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History comes alive at cemetery

Click here to see a slideshow of the tour.

Frederich Rimple accepted a job at Puget Sound Naval Shipyard sight-unseen. He and his German family, shortly after immigrating from what is now the Ukraine, lived in the U.S. midwest. Their pursuit of economic stability brought them, with four children, to what would eventually become Port Orchard.

Their 3-year-old son, Ernest, born in the heartland, had never seen such aquatic expanses as Puget Sound and, riding a ferry boat across the water in 1902 when they first arrived in the area, the youngster looked down at a man in a rowboat.

“What’s that man doing in a pig trough?” he asked his father.

Fast forward more than 100 years to last weekend.

Standing at Frederich and Anna Rimple’s gravestone, his grandchildren, Edith McKelvy, 70, of Bremerton and Ernest Rimple Jr., 67, of Malibu, Calif., told the story of how their family settled in South Kitsap and started a strawberry farm where Sidney Glen Elementary School now stands.

The farm stayed in the family for years, McKelvy and Rimple having worked on it when they were children.

Rimple and McKelvy were just two of many at the Knights of Pythias Cemetery on Saturday, recounting the stories of past residents of Kitsap County.

The Puget Sound Genealogical Society sponsored the event, collecting voluntary donations to support the society and the cemetery.

“It’s to get the interest up again for the history of the area and also for these people that were pioneers,” said Sandie Morrison, 64, member of the Genealogical Society and one of the event’s organizers.

The society took a walk through the cemetery and dug through history books to create the tour, determining who was there and what stories could be told. Some of those participating were volunteers, and some were descendants of the subjects.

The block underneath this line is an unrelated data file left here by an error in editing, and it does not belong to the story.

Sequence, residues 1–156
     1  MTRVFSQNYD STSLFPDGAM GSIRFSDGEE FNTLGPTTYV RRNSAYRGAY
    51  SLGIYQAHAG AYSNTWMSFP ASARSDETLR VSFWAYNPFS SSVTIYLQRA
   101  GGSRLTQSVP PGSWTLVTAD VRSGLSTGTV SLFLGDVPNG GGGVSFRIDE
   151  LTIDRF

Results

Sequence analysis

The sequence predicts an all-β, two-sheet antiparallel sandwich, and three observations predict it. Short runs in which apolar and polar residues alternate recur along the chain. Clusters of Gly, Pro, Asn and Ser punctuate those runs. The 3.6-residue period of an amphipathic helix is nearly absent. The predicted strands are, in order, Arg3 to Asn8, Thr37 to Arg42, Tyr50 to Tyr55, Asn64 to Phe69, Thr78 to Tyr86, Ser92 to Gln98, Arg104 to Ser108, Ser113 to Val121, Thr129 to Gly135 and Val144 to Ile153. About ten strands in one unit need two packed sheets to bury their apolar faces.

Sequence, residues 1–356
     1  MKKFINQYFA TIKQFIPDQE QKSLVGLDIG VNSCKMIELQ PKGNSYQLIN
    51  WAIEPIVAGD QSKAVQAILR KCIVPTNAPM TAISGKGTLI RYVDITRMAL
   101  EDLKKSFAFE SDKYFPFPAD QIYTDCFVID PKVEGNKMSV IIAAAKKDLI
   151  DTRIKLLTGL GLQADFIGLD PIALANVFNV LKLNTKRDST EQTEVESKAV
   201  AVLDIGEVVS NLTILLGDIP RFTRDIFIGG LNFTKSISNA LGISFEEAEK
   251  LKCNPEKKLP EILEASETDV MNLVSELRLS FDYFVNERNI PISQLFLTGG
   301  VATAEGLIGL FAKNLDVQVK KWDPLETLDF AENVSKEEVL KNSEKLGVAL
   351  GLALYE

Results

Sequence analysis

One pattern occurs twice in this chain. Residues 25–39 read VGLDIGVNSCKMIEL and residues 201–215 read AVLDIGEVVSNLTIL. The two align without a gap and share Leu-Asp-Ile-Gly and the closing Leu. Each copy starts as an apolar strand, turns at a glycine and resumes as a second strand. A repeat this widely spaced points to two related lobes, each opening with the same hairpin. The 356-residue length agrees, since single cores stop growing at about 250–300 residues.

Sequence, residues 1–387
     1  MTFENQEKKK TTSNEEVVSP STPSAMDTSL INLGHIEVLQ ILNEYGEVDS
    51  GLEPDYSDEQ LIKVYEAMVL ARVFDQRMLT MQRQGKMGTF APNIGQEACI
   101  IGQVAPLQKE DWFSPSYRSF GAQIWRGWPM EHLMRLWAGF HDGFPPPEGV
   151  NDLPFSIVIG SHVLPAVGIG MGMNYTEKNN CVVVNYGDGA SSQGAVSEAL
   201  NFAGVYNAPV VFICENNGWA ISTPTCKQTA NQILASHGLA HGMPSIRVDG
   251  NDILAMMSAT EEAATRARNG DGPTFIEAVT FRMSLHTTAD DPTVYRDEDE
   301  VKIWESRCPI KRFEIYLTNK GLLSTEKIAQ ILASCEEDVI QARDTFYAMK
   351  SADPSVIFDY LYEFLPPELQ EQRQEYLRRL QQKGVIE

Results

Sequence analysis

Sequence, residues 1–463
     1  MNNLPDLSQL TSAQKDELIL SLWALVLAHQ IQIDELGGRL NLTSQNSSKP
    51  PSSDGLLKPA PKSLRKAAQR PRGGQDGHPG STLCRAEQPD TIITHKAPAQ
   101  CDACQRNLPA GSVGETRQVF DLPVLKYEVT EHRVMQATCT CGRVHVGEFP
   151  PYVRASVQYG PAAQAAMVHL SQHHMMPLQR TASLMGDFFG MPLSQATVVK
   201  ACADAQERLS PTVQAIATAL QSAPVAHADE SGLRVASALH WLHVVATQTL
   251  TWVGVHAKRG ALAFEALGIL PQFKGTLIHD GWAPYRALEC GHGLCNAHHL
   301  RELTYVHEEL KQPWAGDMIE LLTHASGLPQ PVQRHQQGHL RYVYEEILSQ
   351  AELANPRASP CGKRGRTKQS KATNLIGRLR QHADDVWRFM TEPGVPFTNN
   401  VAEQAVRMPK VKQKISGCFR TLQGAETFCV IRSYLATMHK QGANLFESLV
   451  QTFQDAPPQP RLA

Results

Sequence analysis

The stories ranged from the Civil War to just after the turn of the century. The tour presented business owners, politicians, Confederate soldiers and pharmacists, each sharing their own portion of the area history, and periodically discussing the importance to caring for cemeteries.

Siblings Rimple and McKelvy, children of the Ernest who confused a boat with a feeding box, wore period clothes and displayed family pictures for the more than 100 visitors who trekked through the park.

Genealogical Society volunteers toured the groups through the park, where they met volunteers and family members impersonating South Kitsap figures like William Howe and John and Lorinda Gorst.

The event raised more than $300 for the group and the cemetery, and drew more than 100 people.

“We are so pleased with the turnout,” Morrison said toward the end of the event.

Rimple and McKelvy were proud to impersonate their grandparents, Frederich and Anna Rimple.

“If (my grandfather) were alive today, I would thank him for allowing me to become a citizen of the United States of America,” Rimple said.

They grew up on the same farm started by their grandfather, earning their keep through hard work. Every day after school, when other kids headed home to play, McKelvy and Rimple headed home to work.

Eventually, the family heading off into different parts of the world, the farm was replaced by Sidney Glen Elementary.

“We think it’s the finest family legacy for it to become a school for the kids,” McKelvy said.

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